Defining The "Product"
Although JSTOR does not have to repay initial investments, it must have a mechanism to recover its ongoing costs. In developing a plan for cost recovery, our first step was to define exactly what it is that our "customers" would pay for-what is the "product"? On the face of it, this step sounds simple, but it is anything but that, especially given the rate of change of technology affecting the Internet and World Wide Web. For example, those publishers reading this paper who are working to put current issues in electronic form will know that even choosing the display format can be extremely difficult. Should the display files be images or text? If text, should they be SGML, PDF, HTML, SGML-to-HTML converted in advance, SGML-to-HTML converted on the fly, or some combination of these or other choices? The format that is chosen has far-reaching implications for present and future software capabilities, charging mechanisms, and user acceptance. It is easy to imagine how this decision alone can be paralyzing.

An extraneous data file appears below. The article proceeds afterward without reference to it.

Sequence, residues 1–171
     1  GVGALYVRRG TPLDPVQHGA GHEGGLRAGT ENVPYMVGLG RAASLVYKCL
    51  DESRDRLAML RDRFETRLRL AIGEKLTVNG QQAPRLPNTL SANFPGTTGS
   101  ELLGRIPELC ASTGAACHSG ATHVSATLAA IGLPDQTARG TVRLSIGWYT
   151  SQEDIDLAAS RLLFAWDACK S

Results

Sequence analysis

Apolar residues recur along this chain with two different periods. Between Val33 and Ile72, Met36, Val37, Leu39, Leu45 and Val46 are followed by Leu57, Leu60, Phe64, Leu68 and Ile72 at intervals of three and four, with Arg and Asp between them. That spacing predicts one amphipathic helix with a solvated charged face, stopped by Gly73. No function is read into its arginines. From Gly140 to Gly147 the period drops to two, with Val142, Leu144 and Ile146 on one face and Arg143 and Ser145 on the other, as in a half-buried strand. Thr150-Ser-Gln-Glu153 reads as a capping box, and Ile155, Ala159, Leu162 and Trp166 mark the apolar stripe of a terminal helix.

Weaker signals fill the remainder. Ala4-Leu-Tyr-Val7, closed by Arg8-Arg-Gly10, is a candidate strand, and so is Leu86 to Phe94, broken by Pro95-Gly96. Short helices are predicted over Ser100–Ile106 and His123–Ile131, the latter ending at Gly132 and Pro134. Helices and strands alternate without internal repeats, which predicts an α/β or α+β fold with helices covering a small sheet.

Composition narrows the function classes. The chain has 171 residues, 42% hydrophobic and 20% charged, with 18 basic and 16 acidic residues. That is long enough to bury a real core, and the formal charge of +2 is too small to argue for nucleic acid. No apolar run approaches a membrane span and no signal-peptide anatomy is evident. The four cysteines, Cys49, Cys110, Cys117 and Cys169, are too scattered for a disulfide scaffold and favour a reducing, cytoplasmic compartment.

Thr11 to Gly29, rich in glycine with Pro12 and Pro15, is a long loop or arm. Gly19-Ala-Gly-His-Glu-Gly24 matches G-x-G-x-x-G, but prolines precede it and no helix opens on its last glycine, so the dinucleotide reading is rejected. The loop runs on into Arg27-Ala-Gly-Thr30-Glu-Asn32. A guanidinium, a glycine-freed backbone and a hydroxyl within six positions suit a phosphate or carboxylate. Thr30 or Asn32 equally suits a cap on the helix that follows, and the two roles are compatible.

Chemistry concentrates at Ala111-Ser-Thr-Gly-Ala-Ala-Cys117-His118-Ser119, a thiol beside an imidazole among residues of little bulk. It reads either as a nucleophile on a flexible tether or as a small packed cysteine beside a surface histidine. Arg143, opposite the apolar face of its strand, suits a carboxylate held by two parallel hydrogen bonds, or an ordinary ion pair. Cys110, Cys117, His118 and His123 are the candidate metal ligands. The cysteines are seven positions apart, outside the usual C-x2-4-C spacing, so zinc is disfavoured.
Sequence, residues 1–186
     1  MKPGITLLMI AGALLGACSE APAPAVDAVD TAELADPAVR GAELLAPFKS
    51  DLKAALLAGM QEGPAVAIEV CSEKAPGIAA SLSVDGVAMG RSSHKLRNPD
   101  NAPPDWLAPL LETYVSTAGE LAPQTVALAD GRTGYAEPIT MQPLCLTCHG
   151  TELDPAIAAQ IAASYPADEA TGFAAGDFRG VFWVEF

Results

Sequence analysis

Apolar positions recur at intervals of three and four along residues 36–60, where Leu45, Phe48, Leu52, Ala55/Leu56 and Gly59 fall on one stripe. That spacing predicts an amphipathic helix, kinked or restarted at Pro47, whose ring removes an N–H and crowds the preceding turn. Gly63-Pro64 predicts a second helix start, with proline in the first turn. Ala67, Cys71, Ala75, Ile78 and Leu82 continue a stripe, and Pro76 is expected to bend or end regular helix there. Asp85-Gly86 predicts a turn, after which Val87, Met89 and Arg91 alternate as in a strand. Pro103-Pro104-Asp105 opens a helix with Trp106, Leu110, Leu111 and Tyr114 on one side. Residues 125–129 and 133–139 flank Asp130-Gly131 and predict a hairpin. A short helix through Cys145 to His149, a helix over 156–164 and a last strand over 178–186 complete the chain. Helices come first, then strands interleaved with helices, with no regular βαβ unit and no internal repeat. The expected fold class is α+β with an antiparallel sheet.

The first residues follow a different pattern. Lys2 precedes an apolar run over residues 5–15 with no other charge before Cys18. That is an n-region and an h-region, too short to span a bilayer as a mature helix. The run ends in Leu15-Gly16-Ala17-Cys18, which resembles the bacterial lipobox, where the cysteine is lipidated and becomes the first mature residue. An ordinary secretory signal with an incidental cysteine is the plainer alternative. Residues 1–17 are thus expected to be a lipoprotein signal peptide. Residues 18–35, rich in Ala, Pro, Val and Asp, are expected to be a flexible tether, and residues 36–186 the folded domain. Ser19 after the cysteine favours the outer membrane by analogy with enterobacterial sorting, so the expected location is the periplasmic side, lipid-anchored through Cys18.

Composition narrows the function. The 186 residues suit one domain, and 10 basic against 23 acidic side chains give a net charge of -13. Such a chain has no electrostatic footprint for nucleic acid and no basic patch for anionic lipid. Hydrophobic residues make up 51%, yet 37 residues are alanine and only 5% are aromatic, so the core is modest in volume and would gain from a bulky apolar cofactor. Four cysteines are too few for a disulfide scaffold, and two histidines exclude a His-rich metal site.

For nonprofit institutions like JSTOR, a key guidepost for making decisions of this type is the organization's mission. Nonprofits do not set out to maximize profits or shareholder wealth. In fact, they have been created to provide products or services that would not typically be made available by firms focused on maximizing profit. Consequently, not-for-profits cannot rely solely on quantitative approaches for decision making, even when such decisions are quantitative or financial in nature. Without such tools, having a clearly defined mission and using it to inform decisions is essential.
A good example of how JSTOR has relied on its mission for decision making is the question mentioned briefly above-choosing an appropriate display format.